Rugby's 'No Blood, No Sympathy' Raelene Castle
It’s not often you become friends with someone’s parents before you do them, but that is what happened to me and the Chief Executive running Rugby Australia, Raelene Castle.
I met Marlene Castle – Raelene’s mother - several years ago while travelling through Europe.
Marlene is a diminutive woman, rather reserved yet incredibly stylish and we both share fond memories of traipsing through Split, Croatia, in a mad dash to find a local sports bar to watch an NRL Grand Final together.
While Marlene is somewhat older than me, we instantly hit it off, and it wasn’t long before I worked out that beneath her calming, warm presence and friendly smile was a steely resolve like few others and that this pocket rocket from New Zealand was a national champion at lawn bowls and Hall of Fame inductee.
A couple of years later, I met Raelene and was struck by not only a strong resemblance to her mother, but a similar inner resolute strength and fashionable style.
Less than a year at the helm of Rugby Australia and Raelene is now relying on that inner grit and determination to chart her success because her remit is enormous and she knows it.
Rugby - a once beloved national sport - has lost some of its historic glorious lustre. It now flounders both domestically and internationally and is arguably at its lowest ebb in its once illustrious history.
Amidst a modern and highly competitive sporting landscape, club, school, state and national rugby are challenged like never before. Impatient administrators and fans alike want answers and solutions and it’s up to Raelene to find them.
She is confident she’s up to the challenge.
“I did a lot of due diligence about where rugby was at in this country and where it was in the world and I decided it was a really good opportunity - it's got great bones,” Raelene said.
“Yes, we’ve got some challenges … all fans would like to see us perform better and more consistently and get back to the winning ways of the 90s”.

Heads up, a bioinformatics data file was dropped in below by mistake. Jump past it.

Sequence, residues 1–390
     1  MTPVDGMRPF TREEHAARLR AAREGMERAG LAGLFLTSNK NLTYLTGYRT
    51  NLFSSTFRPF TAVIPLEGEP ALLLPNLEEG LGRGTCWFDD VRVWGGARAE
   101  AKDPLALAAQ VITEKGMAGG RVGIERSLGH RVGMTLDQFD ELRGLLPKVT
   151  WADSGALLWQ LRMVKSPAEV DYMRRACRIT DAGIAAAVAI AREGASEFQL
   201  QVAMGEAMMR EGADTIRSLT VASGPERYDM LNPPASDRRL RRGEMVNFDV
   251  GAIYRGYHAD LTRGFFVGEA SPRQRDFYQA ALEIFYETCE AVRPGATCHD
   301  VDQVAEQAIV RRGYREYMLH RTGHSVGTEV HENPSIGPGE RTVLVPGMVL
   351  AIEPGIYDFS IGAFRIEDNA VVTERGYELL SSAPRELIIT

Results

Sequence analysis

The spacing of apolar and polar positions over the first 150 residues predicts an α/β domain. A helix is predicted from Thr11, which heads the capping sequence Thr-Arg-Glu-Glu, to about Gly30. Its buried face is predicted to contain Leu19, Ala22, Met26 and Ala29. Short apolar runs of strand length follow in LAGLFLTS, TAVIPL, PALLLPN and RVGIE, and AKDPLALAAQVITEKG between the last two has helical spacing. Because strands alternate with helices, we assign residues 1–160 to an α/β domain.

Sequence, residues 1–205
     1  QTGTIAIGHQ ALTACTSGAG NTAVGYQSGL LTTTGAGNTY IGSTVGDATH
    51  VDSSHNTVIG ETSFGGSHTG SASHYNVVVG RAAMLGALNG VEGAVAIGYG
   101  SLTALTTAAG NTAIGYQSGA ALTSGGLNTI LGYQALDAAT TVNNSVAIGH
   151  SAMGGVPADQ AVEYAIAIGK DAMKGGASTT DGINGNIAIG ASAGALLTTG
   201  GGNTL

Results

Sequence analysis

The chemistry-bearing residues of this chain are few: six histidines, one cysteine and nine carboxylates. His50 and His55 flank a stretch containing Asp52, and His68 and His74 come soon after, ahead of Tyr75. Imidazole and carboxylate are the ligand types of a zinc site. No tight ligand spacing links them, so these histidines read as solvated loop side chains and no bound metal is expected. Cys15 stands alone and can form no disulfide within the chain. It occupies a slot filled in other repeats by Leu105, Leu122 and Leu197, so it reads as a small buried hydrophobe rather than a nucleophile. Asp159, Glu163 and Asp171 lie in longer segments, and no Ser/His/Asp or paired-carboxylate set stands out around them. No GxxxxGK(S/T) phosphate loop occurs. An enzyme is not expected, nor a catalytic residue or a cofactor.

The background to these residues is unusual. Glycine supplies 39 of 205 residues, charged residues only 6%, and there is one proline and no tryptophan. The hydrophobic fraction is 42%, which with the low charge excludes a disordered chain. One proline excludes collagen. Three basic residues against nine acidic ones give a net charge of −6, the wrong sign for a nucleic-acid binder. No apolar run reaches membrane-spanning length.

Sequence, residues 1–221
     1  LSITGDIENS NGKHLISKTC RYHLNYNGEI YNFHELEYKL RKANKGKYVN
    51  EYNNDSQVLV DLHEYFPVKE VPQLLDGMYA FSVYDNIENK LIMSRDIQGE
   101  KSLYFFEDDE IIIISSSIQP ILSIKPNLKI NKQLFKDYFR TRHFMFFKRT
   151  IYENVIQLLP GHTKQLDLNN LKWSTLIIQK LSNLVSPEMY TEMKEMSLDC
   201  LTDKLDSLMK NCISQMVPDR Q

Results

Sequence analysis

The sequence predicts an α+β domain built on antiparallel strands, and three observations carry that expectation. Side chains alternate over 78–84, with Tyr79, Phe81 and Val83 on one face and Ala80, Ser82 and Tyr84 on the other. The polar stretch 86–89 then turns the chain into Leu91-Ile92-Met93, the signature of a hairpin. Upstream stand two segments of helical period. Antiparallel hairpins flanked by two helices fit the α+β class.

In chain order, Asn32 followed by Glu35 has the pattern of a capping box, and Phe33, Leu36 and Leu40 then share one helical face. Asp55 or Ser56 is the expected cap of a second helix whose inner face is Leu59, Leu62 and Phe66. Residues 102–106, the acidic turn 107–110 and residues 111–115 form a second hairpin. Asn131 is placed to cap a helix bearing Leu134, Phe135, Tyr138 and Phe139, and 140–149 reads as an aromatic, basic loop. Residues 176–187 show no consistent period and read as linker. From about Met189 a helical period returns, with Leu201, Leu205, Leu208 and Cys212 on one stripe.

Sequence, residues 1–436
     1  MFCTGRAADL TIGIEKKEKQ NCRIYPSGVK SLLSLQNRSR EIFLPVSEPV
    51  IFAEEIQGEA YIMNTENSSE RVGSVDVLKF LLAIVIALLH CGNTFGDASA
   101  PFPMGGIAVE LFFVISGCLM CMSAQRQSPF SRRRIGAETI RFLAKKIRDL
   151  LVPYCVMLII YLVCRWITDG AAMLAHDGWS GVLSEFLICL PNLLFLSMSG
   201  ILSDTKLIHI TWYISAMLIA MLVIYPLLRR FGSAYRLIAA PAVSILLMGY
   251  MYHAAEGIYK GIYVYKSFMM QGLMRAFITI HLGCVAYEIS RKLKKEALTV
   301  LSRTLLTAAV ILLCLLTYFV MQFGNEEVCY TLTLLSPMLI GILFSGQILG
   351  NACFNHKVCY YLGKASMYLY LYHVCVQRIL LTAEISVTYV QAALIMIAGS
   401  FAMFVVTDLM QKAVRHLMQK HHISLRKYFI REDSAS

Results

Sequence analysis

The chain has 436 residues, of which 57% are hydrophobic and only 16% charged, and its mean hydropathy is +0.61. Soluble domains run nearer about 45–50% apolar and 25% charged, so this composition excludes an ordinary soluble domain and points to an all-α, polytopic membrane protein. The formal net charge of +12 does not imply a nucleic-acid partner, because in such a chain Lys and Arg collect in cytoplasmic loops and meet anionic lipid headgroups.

Historically rugby in Australia flourished with the benefit of historical Commonwealth connections and a blue blazer set of private school pathways.
But in a twenty-first-century sporting environment, that no longer cuts it. This sport, like all others, is now confronted with fierce competition for young athletic blood.
Proof of that is found in the recent participation figures from Australian Sports Commission. They now measure 20 sports for girls, and boys - and they’re not all the same. So the number of sports Aussie kids want to play is extensive.
In the 1990s the Wallabies dominated World Cups and won Bledisloes. Today, the All Blacks seem to own the trophy cabinet, and on the face of it, the Wallabies have few answers, with all eyes currently on the coach, Michael Cheika.
Fans and critics alike are impatient for results and another below-par performance in 2018 has Raelene’s vocal and influential detractors lining up and demanding instant results.
“I think at nine months in, it is a little early. You have to say what you’re going to do and then deliver on them. If you haven’t done that within a reasonable timeframe, then I think you deserve the criticism,” Raelene said.
Armed with a Commerce degree; experience in marketing and business, plus more than four years as the Chief Executive at the Canterbury Bankstown Bulldogs Rugby League club - and prior to that running Netball New Zealand - Raelene is a seasoned and proven sports administrator and doesn’t flinch at the enormity of the job ahead.